Can it be used for an outside lubricant? Like wd 40?

Also can it be used for water proofing stuff? like leather, shoes, wood?


Offline Heavy G

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Re: Making oil part of food storage
« Reply #7 on: October 17, 2010, 07:47:20 AM »
I think rancid oil would mess up metal parts.  I doubt it's able to handle heat like petroleum-based oils.  But I'm no expert.

Rancid oil on boots might stink.  Animal fats like mink oil (I think it's an animal fat) seem to work but I wonder if vegetable oils would do the same.  Your boots might stink.

Dunno.  I bet there are some other uses for rancid cooking oil.

Offline Sweethearts Mom

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Re: Making oil part of food storage
« Reply #8 on: October 17, 2010, 08:42:55 AM »
Oil does kill weeds and grass well. I have used it several times; True on the stinking; I would only use it on boots if I had no choice.

Offline littletea

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Re: Making oil part of food storage
« Reply #9 on: October 21, 2010, 07:12:00 AM »
LVS -

I stored my oil in a kitchen cabinet.  I've heard that the name brand oils (better quality) store better.  This was a generic brand I picked up on sale.  I guess I don't go through vegetable oil quick enough.  I tend to use it for occasional frying and some baking.  After I accidentally ate the rancid oil in some popcorn I swore off all vegetable oils (canola, corn etc).  It tasted and smelled just awful and I felt I was adding poison to my body...sorry for the dramatic tone but it was terrible.  I've done some research and I'm just going to dive in and buy a mixture of slightly refined and extra virgin coconut oil.  I found some interesting interviews with Bruce Fife on Youtube that made me decide to "just do it".  I figure I'll go through the coconut oil pretty quickly as I use it as hair conditioner and face moisturizer.  In a pinch you can also rub some on your underarms and pat with baking soda- presto all natural deodorant.  I tested it out one summer day and no odor!  Fife said good quality extra virgin has an extremely LONG shelf life so I'm going to test this out.


Offline LvsChant

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Re: Making oil part of food storage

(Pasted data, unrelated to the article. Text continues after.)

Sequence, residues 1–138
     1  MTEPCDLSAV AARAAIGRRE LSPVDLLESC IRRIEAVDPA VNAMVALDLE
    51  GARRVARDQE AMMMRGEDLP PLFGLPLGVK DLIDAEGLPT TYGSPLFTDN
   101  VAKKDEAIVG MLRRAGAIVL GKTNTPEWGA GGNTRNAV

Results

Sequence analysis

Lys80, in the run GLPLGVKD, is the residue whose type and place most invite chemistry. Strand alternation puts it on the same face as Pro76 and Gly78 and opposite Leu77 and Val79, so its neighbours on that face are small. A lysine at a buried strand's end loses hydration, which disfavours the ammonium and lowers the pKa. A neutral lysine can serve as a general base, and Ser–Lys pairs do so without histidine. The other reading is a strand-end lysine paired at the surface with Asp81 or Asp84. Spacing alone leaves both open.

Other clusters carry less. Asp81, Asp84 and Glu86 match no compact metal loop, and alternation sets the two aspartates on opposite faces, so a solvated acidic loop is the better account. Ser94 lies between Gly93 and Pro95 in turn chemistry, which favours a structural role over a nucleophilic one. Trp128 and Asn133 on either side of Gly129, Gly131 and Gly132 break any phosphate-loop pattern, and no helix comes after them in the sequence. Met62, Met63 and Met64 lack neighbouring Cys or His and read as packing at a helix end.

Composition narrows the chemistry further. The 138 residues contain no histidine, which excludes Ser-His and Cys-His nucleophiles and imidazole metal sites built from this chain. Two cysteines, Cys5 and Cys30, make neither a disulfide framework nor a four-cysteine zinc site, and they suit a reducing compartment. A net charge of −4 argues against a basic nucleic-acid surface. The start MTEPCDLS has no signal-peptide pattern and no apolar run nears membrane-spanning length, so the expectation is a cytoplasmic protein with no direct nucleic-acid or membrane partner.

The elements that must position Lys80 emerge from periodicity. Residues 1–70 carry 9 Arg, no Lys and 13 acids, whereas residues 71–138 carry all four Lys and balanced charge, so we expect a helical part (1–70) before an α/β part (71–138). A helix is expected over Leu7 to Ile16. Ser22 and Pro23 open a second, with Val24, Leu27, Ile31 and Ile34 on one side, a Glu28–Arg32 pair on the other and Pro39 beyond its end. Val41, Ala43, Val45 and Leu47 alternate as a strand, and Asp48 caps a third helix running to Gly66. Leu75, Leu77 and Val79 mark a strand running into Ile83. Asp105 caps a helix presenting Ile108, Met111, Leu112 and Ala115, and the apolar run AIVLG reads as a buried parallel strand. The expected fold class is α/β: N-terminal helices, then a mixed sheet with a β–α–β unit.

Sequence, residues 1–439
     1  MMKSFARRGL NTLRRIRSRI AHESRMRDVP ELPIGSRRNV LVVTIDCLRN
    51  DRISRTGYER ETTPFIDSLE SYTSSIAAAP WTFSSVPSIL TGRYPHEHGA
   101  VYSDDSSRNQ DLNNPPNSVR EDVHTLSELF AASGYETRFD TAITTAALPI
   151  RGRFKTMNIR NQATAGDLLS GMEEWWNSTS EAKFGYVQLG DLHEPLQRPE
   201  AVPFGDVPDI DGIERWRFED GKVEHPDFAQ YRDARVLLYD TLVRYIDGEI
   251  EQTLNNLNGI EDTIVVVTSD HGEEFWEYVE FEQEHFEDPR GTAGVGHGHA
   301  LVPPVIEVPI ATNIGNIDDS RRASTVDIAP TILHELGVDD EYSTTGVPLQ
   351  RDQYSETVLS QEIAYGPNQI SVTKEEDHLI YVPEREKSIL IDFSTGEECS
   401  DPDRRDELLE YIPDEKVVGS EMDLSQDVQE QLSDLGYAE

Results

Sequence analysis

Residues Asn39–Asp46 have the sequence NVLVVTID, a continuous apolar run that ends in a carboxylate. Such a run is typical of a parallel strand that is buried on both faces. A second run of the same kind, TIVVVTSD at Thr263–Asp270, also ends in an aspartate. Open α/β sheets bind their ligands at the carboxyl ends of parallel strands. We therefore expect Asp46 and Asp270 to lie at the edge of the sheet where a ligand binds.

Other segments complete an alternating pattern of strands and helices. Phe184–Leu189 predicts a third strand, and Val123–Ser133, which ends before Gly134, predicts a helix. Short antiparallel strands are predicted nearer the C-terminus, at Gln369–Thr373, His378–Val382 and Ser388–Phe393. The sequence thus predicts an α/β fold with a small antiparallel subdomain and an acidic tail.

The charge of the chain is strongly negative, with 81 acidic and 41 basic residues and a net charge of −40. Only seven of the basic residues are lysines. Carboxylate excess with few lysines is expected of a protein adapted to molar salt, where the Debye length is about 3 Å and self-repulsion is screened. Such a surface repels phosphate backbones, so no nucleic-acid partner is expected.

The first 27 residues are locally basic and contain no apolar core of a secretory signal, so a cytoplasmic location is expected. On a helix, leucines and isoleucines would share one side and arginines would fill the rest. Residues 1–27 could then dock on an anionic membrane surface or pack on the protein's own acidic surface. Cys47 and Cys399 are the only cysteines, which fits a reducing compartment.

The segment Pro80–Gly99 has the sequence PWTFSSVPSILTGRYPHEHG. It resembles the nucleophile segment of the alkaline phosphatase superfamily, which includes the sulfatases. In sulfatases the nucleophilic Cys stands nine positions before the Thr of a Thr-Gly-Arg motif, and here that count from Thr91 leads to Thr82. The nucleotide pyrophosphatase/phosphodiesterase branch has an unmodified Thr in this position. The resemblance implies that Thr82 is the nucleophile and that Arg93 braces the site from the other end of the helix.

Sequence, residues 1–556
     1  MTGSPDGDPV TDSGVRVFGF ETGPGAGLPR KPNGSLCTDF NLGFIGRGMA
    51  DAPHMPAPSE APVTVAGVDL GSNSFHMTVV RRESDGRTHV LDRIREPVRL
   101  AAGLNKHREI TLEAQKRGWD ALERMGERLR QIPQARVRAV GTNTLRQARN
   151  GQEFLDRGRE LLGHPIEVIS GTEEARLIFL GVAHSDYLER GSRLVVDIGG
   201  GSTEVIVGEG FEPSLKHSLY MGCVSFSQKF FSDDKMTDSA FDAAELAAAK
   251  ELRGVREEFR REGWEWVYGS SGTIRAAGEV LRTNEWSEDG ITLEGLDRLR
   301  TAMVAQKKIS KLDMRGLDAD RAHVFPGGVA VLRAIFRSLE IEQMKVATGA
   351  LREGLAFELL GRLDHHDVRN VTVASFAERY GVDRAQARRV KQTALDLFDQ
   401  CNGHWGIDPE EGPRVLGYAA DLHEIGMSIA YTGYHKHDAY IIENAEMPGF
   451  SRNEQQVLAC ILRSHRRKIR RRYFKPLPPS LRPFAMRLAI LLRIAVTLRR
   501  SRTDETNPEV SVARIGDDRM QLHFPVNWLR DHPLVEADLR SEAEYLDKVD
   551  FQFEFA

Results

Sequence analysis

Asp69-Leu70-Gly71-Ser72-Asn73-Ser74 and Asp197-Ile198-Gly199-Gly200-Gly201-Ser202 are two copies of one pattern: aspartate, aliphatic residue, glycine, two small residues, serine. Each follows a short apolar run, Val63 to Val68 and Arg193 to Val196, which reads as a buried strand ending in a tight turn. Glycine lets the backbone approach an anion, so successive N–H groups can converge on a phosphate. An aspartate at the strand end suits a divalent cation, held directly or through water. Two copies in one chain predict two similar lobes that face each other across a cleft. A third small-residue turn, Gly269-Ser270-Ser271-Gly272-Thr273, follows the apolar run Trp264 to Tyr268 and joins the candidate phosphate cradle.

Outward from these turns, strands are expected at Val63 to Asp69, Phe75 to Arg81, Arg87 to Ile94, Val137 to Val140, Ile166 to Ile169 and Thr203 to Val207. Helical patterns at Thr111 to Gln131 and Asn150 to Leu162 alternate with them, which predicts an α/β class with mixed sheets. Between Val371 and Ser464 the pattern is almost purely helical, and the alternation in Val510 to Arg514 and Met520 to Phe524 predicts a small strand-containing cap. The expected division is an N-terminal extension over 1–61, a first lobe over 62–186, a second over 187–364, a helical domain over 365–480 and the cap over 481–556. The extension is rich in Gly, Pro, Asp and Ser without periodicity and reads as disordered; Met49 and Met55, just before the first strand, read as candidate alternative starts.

« Reply #10 on: October 21, 2010, 07:21:02 AM »
I use oil pretty consistently in my cooking, so that could be the thing. I use oil every time I make bread and regularly for homemade granola. In addition to that, it is a common ingredient in many of my baking recipes. I don't fry very often, though. As for particular brands, I haven't been very picky. I've usually just bought the least expensive when I am buying more. I may only have three of the average size bottles in stock right now, though, which is about normal for me. I often find that price-wise, the smaller bottles are less expensive (ounce by ounce) than the gallon jugs, and a lot more convenient to use.

From what I have read, though, shortening is a very good long-term storage item for fats. But, as with all this long term storage stuff, if it isn't something you can use and rotate through your pantry on a normal basis, it is a lot less useful if times don't get rough!

Good idea on the other oil choices.

Offline 2mommas

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Re: Making oil part of food storage
« Reply #11 on: October 26, 2010, 10:32:18 PM »
    cooking oil can also be used to make biodiesel fuel and homemade soap.

Offline LvsChant

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Re: Making oil part of food storage
« Reply #12 on: October 26, 2010, 11:51:16 PM »
Yes... there are so many uses for cooking oil. Soaping is one thing I've not tried yet... there are many threads on making soap here... I wonder if oil that is past its prime would ruin a batch of soap...